In a couple of instances over the years – like here and here – I have alluded to Mark Twain’s possibly apocryphal statement that, while history does not repeat, it often rhymes. Upon re-reading my two “Skeptic’s” columns on the Protestant Reformation, I realize now that I could have added a third instance of history rhyming. For the Reformation was about 500 years ahead of its time in anticipating some of the most crucial principles of postmodernist nihilism. In fact, conservative Protestantism may be understood as postmodernism born out of due season. In particular, strictly as a representative sample, consider the following motifs of conservative Protestantism, each of which has its counterpart in the ideology of postmodernism:
o “Democratization” of interpretation and exegesis
Beginning with Martin Luther, the Reformers all insisted that each individual Christian was permitted – even obligated – to interpret the biblical text for herself. In the Catholic Church, only priests – actually, only the senior members of the Church’s episcopal leadership (Popes and ecumenical councils) – were allowed to interpret the Bible authoritatively. Luther and the other Reformers appropriated this sacerdotal prerogative for individual lay Christians in the church pews. Anyone – literally anyone – was free to interpret the Bible according to the dictates of the interpreters’ individual conscience. Of course, that conscience had to be disciplined through prayer, reflection, the illumination of the Holy Spirit, and a careful reading of the biblical text, but at the end of the day, even these qualifications were subject to the demands of the individual’s conscience. Luther referred to this as “the priesthood of all believers,” a phrase often heard to this day in many conservative / Reformed Protestant churches. The primacy of the individual’s conscience took precedence over all magisterial pronouncements of the official Church. Each individual Christian therefore was a Magisterium of One.
One encounters the postmodernist equivalent of “the priesthood of all believers” in the postmodernist principle of what Derrida has termed la jouissance de la signification libre (“the joy of free signification”) and Lacan’s theory of jouissance as including yet transcending Freud’s “pleasure principle”, and Felix Guattari. (See also Roland Barthes’ Elements of Semiology.) In particular, postmodernism’s insistence on the absence of a “transcendent Signified” to stabilize lexical meaning constitutes a modern-day dialect of Protestantism’s repudiation of the authority of Magisteria and the substitution of the individual conscience of the interpreter. In orthodox Christian theology, the transcendental Signified that served to anchor and to guarantee the meaning of the biblical text – actually, all texts, biblical and otherwise — was the transcendent Word, i.e., Jesus Christ as the incarnation of God. This is why postmodernism in all its forms, and as exemplified by all its advocates, is always at least implicitly, often explicitly, atheistic: to stabilize lexical meaning and the ascertainment thereof, one must appeal to some transcendent Signified, i.e., to God. If there is no transcendent Signified, then there is – there can be – no God.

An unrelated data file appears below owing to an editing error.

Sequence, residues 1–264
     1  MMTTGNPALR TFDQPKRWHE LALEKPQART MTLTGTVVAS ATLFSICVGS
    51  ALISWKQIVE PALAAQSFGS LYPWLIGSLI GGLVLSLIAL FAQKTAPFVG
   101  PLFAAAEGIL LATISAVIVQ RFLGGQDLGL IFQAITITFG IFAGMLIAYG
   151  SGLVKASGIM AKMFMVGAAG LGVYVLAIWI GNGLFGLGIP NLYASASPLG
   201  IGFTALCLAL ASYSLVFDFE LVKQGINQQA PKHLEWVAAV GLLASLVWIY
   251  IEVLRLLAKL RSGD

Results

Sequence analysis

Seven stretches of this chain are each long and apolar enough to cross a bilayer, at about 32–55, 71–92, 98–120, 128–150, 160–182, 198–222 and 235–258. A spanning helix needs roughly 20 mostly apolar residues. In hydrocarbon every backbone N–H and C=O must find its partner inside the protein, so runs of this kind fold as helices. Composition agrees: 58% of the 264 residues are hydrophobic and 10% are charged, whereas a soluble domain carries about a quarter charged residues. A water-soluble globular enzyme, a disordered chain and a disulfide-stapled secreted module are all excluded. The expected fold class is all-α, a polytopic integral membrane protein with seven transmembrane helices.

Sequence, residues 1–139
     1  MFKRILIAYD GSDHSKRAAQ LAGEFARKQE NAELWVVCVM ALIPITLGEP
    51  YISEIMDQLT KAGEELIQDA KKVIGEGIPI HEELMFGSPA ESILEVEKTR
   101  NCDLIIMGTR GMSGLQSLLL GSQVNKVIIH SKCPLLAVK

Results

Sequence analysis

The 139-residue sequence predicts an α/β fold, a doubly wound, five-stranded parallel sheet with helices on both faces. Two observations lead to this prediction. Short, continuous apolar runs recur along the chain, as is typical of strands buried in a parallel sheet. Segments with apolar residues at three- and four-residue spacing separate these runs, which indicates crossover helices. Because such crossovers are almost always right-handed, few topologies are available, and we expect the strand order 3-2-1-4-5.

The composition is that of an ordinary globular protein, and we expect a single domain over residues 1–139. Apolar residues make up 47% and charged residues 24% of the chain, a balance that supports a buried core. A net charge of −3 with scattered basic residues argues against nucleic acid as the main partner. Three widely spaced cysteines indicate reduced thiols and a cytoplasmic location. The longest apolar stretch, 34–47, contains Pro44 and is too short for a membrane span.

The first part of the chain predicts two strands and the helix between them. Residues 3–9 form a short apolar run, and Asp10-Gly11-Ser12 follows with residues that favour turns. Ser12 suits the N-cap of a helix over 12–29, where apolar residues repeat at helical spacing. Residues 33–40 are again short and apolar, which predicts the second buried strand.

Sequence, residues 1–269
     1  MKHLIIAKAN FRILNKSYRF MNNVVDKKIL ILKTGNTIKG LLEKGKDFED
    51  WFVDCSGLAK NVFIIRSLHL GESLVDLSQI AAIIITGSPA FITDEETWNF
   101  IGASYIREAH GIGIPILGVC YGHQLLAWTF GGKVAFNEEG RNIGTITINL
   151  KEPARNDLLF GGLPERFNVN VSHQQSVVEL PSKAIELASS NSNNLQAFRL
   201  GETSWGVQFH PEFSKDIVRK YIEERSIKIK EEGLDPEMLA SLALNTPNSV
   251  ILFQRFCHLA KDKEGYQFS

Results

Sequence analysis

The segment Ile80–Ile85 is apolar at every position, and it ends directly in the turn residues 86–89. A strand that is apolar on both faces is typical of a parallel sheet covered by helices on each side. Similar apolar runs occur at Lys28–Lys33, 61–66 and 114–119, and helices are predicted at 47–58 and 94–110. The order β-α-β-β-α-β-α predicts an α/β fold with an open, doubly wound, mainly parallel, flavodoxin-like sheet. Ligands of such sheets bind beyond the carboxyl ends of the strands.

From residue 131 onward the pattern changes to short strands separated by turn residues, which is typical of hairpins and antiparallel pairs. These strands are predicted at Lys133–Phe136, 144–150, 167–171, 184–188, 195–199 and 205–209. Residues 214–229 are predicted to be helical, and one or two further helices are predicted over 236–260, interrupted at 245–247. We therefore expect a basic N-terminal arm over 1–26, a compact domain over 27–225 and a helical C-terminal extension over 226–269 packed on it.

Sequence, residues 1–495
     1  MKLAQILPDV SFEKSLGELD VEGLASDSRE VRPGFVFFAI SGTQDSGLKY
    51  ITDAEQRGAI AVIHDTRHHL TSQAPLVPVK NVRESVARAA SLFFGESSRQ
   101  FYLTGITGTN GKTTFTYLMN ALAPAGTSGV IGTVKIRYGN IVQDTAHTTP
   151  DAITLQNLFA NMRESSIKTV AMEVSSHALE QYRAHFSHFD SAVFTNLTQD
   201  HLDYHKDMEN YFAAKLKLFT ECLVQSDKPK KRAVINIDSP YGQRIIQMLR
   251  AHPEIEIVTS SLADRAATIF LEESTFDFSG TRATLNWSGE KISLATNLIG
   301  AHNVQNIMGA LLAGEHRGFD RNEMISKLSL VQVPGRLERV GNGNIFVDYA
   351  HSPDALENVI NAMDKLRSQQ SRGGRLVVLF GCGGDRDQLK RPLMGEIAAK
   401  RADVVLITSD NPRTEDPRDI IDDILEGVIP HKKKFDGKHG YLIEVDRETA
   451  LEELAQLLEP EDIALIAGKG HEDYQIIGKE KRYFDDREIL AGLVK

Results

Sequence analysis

This parallel between postmodernist interpretive nihilism and Protestantism should – evidently does not, but should – make Protestant Christians much more uncomfortable than it apparently does. If there is no magisterial authority, even any de facto such, to stabilize meaning, and if there is no way to coherently say that some interpretations and teachings are right and others are wrong, then Protestants implicitly deny the existence of a transcendent Signified fully as much as contemporary postmoderns, i.e., there is no God. Many Protestants on the (political and theological) left even positively celebrate this absence of a transcendent Signified as a form, perhaps the form, of healthy diversity. No one is really right. No one is really wrong. It is, instead, just a matter of telling your own story from your own idiosyncratic experience — which is just another way of repeating Luther’s assertion of the prerogative of individual, hence subjective, interpretation.